Soundtracking is a regular column that appears on Cineplex.com looking at the music featured in the biggest new releases both in theatre and on home video. Shane McNeil speaks to composer Alex Ebert (aka Edward Sharpe) and looks at the music of A Most Violent Year.
Things get a little ugly in A Most Violent Year, which hits Canadian screens on Friday.
J.C. Chandor’s film about Abel Morales (Oscar Isaac) and the lengths to which he is willing to go to build a business empire in the early 1980s, the film has its dark moments. But so, too, does the film’s music.
For his third feature Chandor once again turned to composer Alex Ebert to score, who in turn ran with the film’s gritty and sinister qualities.
“I wanted to sort of break and give a taste of the reactionary times of ’81, ’82, ’83 the sort of New York punk revolution and the sort of synth experimentation that was going on and more importantly, the content of those songs,” Ebert told Cineplex. “The desire to self-destruct, the desire to make music that, on its face, seems a tad ugly.”
The result brings a lot of synthesizers and dark overtones to the film’s score. Ebert believes the music helps extend the trance that overtakes Abel and drives the action in A Most Violent Year.
“I realized that mesmerizing sort of contemplative trance pieces were really the only thing that would extend Abel’s atmosphere beyond the screen and into our seats,” he said. “That sort of capitalist trance of his, of pure determination and ambition and without this sort of droning rumble, we’re really only looking at him, so the synths became totally necessary.
The film’s score is a brooding, more electronic turn from the pair’s previous collaboration. Ebert worked with Chandor on his previous effort – 2013’s All is Lost, which earned Ebert a Golden Globe for Best Score – and the collaboration proved to be a launching point for a critical phase in the 36-year-old musician’s latest incarnation.
While All is Lost announced Ebert to the cinematic world, he’s been a fixture in the music industry for years under a variety of aliases. He broke into the industry fronting a variety of bands, including Ima Robot, who provided what would become the theme song to the show “Suits.” “Breaking Bad” enthusiasts will undoubtedly also recognize his greatest solo hit, “Truth,” recorded under the moniker Alexander.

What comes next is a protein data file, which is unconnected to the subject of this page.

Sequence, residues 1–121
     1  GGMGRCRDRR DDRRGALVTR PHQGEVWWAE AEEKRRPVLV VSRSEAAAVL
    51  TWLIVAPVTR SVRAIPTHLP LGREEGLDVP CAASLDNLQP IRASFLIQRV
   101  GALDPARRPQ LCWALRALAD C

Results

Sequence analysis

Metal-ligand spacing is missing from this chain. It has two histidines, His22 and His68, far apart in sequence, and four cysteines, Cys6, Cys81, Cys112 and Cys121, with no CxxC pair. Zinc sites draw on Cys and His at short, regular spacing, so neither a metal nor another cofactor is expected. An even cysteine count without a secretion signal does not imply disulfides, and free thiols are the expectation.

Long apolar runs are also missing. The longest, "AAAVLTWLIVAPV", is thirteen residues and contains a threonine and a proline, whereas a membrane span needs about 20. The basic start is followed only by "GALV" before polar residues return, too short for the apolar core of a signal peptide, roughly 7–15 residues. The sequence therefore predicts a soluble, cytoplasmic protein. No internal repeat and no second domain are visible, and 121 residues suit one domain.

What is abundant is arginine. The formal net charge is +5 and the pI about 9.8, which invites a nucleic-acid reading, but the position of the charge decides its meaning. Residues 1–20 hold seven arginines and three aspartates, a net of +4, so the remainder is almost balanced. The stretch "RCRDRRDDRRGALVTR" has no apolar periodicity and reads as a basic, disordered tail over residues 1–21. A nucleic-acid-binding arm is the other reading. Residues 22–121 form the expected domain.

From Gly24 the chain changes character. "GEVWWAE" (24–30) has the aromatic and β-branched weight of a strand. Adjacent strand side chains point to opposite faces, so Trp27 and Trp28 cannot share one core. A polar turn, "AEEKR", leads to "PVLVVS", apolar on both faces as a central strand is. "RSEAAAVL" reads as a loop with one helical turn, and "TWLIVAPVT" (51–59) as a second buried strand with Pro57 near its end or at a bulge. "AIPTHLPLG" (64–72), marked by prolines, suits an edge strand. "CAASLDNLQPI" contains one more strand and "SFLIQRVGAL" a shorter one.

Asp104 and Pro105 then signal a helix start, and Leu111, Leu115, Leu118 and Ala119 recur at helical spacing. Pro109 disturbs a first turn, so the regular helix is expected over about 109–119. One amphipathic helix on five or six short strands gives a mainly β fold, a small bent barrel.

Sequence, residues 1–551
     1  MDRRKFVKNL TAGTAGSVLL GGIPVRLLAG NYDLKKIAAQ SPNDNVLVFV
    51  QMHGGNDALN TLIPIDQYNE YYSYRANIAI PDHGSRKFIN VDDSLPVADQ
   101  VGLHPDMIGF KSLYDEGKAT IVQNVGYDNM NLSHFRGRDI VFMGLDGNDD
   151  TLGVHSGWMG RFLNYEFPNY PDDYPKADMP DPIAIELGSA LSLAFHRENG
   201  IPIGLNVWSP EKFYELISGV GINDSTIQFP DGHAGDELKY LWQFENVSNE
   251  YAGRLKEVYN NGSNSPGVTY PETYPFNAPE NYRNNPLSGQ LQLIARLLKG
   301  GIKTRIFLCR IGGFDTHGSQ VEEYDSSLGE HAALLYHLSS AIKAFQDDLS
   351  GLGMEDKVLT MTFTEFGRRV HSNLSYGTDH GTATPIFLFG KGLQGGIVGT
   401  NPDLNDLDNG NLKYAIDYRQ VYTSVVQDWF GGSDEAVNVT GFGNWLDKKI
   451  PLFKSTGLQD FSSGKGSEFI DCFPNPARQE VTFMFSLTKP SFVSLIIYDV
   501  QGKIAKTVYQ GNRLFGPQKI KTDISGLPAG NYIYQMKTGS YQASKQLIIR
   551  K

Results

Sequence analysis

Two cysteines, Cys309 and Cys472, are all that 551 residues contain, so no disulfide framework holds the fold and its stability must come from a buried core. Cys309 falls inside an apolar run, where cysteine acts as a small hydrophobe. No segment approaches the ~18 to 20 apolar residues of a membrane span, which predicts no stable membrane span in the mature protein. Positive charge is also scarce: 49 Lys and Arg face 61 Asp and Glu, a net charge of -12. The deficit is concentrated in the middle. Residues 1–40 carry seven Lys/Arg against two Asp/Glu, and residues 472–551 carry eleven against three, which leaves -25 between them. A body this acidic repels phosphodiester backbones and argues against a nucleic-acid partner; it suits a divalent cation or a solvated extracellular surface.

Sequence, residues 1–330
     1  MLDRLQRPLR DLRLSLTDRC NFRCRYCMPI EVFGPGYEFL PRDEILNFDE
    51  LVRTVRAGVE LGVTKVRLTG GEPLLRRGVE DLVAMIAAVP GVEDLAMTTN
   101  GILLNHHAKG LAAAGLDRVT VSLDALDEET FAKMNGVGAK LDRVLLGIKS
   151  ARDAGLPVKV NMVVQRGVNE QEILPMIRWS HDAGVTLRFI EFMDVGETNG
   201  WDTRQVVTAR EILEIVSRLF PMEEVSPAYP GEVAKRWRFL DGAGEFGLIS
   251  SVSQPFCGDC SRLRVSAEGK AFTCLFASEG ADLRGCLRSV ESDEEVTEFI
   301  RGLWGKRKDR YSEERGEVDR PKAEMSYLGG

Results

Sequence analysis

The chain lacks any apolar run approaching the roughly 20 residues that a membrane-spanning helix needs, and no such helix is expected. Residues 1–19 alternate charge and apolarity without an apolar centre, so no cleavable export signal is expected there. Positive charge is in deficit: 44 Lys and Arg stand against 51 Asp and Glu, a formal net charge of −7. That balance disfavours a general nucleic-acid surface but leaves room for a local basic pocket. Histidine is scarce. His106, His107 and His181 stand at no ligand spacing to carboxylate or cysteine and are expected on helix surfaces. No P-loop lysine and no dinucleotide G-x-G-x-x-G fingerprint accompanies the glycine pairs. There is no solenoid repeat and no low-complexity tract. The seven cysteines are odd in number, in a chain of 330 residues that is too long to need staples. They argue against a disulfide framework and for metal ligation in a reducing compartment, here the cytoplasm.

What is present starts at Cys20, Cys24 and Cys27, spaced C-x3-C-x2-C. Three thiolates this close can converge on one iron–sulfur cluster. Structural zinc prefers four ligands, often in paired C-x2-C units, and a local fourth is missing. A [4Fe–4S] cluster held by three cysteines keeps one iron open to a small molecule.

However, he is more widely known for fronting another act, under the alias Edward Sharpe. The ubiquitous hit “Home” would provide his band, Edward Sharpe and the Magnetic Zeros, with radio notoriety and high profile placement everywhere from an episode of “Community” to a commercial for the NFL. Another Zeros track – “40 Day Dream” made its way into various TV and movie projects, including the Drew Barrymore vehicle Going the Distance.
Ebert says that his success as a film composer is definitely affecting his approach to pop music.
“We just did a session for our last (Magnetic Zeros) album and I declared to the whole room: ‘nothing we write is going to end up on the radio. Get it completely out of your minds,’” he said.
“You get so poisoned by the idea of how to write a song that the people are going to like, and then [you] get recognized for something where I didn’t have my audience in mind at all the entire time,” he added, referencing the success for All is Lost.
Ebert also offered up a different sort of song for A Most Violent Year. The film’s credits roll over Ebert’s track “America For Me”. A gospel song at its root, Ebert twists the orchestration to strip away some of the beauty to get to the dark root of the film.
“I have those beeps that are very intrusive sort of destroying this beautiful melody and at the same time I wanted to keep it rooted in earnestness, in a gospel truth.”
The song is also a sharp indictment of the current American political climate, as Ebert sings: “I pay my taxes, I pay for war, I pay for death.”
The move to synth-based composing may not be a full-time shift for Ebert, but it does represent a return to some of the music that helped turn him on to composing in the first place. Remembering his childhood, Ebert cites family vacations and the Chariots of Fire soundtrack as key touchstones in his musical life.
“Those childhood road trips were my cinema,” he said. “Cruising through Monument Valley with Vangelis blasting in the back of the van, looking out the window over this Martian, Monument Valley landscape, suddenly the cinema of your life comes to life and the combination of music and imagery becomes undeniable.”
The mark left by the Greek composer behind Chariots of Fire, Blade Runner and more remains strong with Ebert to this day. While there are still a couple days before A Most Violent Year hits theatres, have a listen to the selection below and see if Ebert’s influences don’t shine through.
A Most Violent Year opens in select cities on January 30.